horiz35
Figure C-15
Station Equation Indicator

 

A station equation represents a stationing discontinuity. We know the distance between two alignment points is their stationing difference. However if the points are on each side of an EC, the discontinuity must be taken into account. For example, the distance between stations 13+00 and 16+00 on the alignment shown in Figure C-14 is normally 300.00 ft but there are 48.88 ft "missing" at the EC. The 48.88 ft is the difference between the Ahead and Back stations: (14+82.97) - (14+34.09) = 48.88 ft. So the correct distance from 13+00 to 16+00 is 251.12 ft.


With software, it is possible to avoid station equations by waiting until the curves are fitted before stationing the entire alignment. With computer assisted designs, the PIs could be computed positions, Figure C-16.

 horiz39
Figure C-16
Computed Tangents and PVI

 

A curve is then fit to the tangents, Figure C-17.

 

 horiz40
Figure C-17
A Curve is Fit

 

Then the alignment is stationed from its beginning to its end through the curves, Figure C-18. That way there are no station equations.

 horiz41
Figure C-18
Stationing Through Curve

 

So this latter method is simpiler and the one that should be used, right? Well, it does have some advantages, but it also has disadvatages. What happens if the alignment design must be changed at some point later in the process?

With traditional stationing, each curve has its own EC station equation. If one curve is altered, only its stationing is affected, no other stations on the alingment change, Figure C-19.

horiz37
(a) Original Stationing with Station Equations

horiz38
(b) Limited Stationing Changes with Curve Modification 
Figure C-19
Alignment with Station Equations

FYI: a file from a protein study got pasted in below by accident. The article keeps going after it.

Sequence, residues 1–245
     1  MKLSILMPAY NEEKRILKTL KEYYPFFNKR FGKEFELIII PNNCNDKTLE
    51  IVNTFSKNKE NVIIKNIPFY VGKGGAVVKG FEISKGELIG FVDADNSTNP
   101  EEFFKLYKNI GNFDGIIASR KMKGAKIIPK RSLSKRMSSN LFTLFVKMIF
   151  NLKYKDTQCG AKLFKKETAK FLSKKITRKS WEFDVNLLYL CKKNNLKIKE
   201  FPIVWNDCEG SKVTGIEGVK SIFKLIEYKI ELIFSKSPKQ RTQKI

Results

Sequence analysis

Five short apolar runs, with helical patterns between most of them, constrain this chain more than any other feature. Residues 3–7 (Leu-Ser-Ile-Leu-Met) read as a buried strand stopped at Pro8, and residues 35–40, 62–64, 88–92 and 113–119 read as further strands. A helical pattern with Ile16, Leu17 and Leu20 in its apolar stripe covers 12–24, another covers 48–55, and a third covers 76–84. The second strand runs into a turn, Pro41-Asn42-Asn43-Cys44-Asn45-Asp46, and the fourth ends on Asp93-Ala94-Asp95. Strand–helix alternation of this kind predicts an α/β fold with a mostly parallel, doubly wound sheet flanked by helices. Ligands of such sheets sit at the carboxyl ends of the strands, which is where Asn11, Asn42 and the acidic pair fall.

With continuous stationing, when a curve is altered it affects stations on it as well as all stations after it, Figure C-20.

horiz45
(a) Original Continuous Stationing
horiz46
(b) Stationing Changes on and after Modified Curve
Figure C-20
Alignment with Continuous Stationing

 

For example, if the redesigned curve is shorter, then all full (+00) station points after the curve increase. For example, 12+00 becomes 12+7.03, 13+00 becomes 13+07.03, etc. If the alignment is already staked then each stake could be renumbered or each could be each be moved back 7.03 feet. Hmm, odd stations or moving stakes.... Maybe station equations aren't so bad after all.

BC and EC stations are computed from the following formulae:

horiz47            Equation C-7 
 horiz48 Equation C-8 
 horiz49 Equation C-9 

 

d. Example: Curve Components, Stationing

A PI is located at station 25+00.00. The deflection angle at the PI is 55°00'00" R. A 500.00 ft radius curve will be fit between the tangents.

Compute curve components and endpoint stations.

Start with a sketch:

horiz51

Use Equations C-2 through C-6 to compute curve components (carry an additional digit to minimize rounding errors):

horiz55

horiz56

horiz57

horiz58

horiz59

Compute degree of curvature using Equation C-1:

horiz60

Use Equations C-7 through C-9 to compute endpoint stations:

horiz61

horiz62

horiz63

 

horiz79


Section 3. Radial Chord Method

a. Circlular Geometry

For any circular arc, the angle between the tangent at one end of the arc and the chord is half the arc's central angle, Figure C-21.

 horiz70
Figure C-21 Deflection angle

 

 Angle a/2 is the deflection angle from one end of the arc to the other. The chord's length is computed from:

horiz72

     Equation C-10

 

In terms of the degree of curvature, Figure C-22: 

horiz71
Figure C-22 Full station deflection angle

 

The deflection angle for a full station is half the degree of curvature. Since the deflection angle is D/2 and it occurs over a 100.00 ft, the deflection rate can be computed from:

 horiz73         Equation C-11

 

Extending this geometry to the entire curve, Figure C-23, the total deflection angle at the BC from the PI to the EC is Δ/2.

horiz71b
Figure C-23 Deflection angle for entire curve